Maybe they will put all their cash into antiques.

        But it’s hard to get title insurance for antiques; most rely on self-proclaimed provenances.

        “It has been in my family’s garage for over 100 years, since great grand father returned from putting down rebellions in the Philippines and Peking.”

    2. Pavel

      The good news is that the prices for the uber-expensive homes are starting to fall and the investors will probably lose money. Per Michael Krieger:

      Last fall, I published several posts detailing the clear evidence that London’s luxury home market had topped, as news emerged that sales for the most expensive units had plunged 26% year-over-year. This was significant since London represents the ultimate prize in the corrupt foreign oligarch/dictator portfolio. It was the canary in the coal mine for the entire global ultra-luxury real estate market, and we’re now seeing indicators that this trend is also becoming entrenched in America’s oligarch crown jewel: Manhattan.

      A few weeks ago, Bloomberg published an important article that many of you may have missed since it came out on Christmas eve. It was titled, Manhattan Luxury-Home Prices in a Slide, Defying Broader Market, and here are a few key excerpts…

      Read more here: Manhattan Luxury Real Estate Peaked Last February – Prices Now Down 8 Months in a Row

      All those spooky high-rise ghost buildings in Manhattan will be a monument to Peak Greed.

    3. alex morfesis

      They may be looking for appraisal fraud…phony cash buying made to look like there are overseas cash buyers to pump up values to allow refi lubrication…they will only be monitering for six months…looks like they may have caught some crew playing a bubble up game… Three to five “cash sales” within six months allows for price valuation adjustments to “conform”…

  3. Carolinian

    Water Cooler comic quote of the day

    Bill Clinton, ditto, in Hanover, NH: “I was raised by my mother to believe that if you’re ashamed of something, you shouldn’t do it. And if you’re going to do it, you ought to just tell everybody”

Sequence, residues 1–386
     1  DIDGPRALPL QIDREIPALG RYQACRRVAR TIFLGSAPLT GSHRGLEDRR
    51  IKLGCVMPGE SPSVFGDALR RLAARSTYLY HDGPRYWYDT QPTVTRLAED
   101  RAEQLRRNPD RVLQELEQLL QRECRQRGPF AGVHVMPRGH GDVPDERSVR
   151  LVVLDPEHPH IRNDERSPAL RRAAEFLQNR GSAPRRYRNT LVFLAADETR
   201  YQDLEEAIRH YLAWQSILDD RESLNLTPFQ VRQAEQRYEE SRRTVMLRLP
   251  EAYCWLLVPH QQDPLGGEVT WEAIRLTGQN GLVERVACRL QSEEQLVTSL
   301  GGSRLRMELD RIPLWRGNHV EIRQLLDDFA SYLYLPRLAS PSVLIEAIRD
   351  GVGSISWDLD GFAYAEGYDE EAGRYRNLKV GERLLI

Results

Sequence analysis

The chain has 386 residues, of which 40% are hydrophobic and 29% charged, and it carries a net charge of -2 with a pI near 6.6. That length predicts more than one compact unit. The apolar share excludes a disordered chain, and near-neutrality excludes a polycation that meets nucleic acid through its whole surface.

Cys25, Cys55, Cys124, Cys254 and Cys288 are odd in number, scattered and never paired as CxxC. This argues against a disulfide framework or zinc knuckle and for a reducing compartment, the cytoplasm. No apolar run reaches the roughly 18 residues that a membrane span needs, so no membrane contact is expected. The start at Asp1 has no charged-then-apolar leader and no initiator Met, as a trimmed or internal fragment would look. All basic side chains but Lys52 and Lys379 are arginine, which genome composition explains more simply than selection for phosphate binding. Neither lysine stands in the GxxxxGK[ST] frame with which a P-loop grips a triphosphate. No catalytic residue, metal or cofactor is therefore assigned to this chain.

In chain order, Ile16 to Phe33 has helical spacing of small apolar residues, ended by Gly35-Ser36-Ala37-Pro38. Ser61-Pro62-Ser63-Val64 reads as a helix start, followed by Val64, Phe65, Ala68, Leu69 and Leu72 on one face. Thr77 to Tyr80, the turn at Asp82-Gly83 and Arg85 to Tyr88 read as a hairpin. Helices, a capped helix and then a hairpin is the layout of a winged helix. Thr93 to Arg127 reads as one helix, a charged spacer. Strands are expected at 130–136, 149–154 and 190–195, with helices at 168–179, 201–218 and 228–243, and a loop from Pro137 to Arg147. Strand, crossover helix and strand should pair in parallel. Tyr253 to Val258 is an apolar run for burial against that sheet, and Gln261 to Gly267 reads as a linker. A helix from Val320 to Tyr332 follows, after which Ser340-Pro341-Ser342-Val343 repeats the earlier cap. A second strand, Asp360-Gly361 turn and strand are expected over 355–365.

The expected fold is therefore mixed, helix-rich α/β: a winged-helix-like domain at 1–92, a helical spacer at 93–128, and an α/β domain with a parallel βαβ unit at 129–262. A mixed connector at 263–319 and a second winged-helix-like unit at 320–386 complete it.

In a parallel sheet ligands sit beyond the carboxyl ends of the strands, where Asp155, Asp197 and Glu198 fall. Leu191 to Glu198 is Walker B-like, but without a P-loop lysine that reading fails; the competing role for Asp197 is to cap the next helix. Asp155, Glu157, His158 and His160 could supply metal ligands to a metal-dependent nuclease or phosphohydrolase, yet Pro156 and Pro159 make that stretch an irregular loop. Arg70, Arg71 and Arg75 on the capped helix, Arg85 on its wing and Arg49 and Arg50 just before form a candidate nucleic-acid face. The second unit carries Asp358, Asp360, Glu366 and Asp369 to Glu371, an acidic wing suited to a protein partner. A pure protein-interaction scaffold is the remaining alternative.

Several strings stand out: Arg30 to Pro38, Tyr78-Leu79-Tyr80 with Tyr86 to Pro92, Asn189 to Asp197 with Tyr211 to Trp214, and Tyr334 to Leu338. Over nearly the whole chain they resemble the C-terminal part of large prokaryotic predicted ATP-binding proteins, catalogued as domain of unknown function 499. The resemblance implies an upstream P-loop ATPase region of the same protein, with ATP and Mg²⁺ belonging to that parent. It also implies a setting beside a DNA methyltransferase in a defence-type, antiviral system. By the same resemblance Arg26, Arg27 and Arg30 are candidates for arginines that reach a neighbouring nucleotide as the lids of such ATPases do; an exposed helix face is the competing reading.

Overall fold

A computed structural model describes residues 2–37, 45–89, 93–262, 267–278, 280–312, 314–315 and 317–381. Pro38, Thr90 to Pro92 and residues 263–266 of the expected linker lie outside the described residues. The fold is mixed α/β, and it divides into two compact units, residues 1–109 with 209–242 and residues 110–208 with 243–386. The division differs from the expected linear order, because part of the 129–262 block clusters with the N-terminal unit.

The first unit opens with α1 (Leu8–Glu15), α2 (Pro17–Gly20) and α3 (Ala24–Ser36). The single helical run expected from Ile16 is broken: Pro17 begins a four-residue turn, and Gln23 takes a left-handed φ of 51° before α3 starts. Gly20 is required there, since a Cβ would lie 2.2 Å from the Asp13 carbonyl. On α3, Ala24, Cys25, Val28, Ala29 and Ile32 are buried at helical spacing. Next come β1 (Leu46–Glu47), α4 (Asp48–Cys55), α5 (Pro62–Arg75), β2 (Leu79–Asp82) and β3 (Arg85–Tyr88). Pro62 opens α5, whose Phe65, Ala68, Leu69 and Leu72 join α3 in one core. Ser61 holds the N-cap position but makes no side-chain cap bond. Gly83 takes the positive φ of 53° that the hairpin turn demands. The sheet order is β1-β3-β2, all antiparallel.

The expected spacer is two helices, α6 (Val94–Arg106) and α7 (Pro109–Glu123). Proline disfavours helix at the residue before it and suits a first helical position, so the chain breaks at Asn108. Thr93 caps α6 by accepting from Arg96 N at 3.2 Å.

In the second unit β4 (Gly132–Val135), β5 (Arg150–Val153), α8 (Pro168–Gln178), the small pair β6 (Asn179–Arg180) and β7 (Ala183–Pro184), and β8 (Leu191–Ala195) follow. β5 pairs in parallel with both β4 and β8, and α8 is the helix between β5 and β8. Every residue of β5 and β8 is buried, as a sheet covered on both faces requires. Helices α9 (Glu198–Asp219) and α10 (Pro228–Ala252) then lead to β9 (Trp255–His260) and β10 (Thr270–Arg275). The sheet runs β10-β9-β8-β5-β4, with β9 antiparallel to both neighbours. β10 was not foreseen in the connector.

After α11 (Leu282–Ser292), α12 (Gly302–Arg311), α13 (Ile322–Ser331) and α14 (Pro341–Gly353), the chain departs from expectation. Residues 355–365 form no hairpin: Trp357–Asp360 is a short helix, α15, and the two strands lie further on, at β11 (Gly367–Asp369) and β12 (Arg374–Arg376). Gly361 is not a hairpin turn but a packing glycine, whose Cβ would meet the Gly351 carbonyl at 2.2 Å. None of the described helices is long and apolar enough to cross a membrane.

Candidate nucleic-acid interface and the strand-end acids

Of course it could be he is sincere and simply never feels shame. However given Clinton’s clearly chagrined reaction when he was caught out with Monica that’s obviously not true. Perhaps blatantly conducting a liaison with a blabby intern mere steps away from the oval office was his way of “telling everybody.”

    IMO Hillary’s real desperation move is bringing on Bill. We are all trying to wipe him from our minds.

    1. Pavel

      If one of HRC’s key strengths is with women voters, will it really help her in the end to bring back serial-philanderer (if not worse), sleazeball Bill Clinton? I agree with others that this is a sign of desperation. Surely she’d rather that he remain in the background if possible. Just look how Trump (who doesn’t give a shit about normal political etiquette) pounced on Bill’s sexist behaviour. Team Clinton are really playing with fire.

      As for that quote– I couldn’t believe the shamelessness either. “I was raised by my mother to believe that if you’re ashamed of something, you shouldn’t do it. And if you’re going to do it, you ought to just tell everybody”

      File that under Bill Clinton: sociopath.

      1. Crazy Horse

        Women voters who want to follow the Hildabeast better brush up on their broomstick riding skills.

          1. Crazy Horse

            Frankly I can’t see how referring to Hillary Clinton as a broomstick riding witch is sexist–just factual. And if you don’t think she is a sociopath I suggest you watch this video of her chortling soon after watching Qaddafi being sodomized with a bayonet.

            “We came, We saw, He died.” — chortle–cackle— Hillary Clinton

              1. craazyman

                It would take a very cunning linguist to succeed with that challenge.

                Maybe ”dildobeast”? Reducing as it does the complex and human whole to the most mindless part.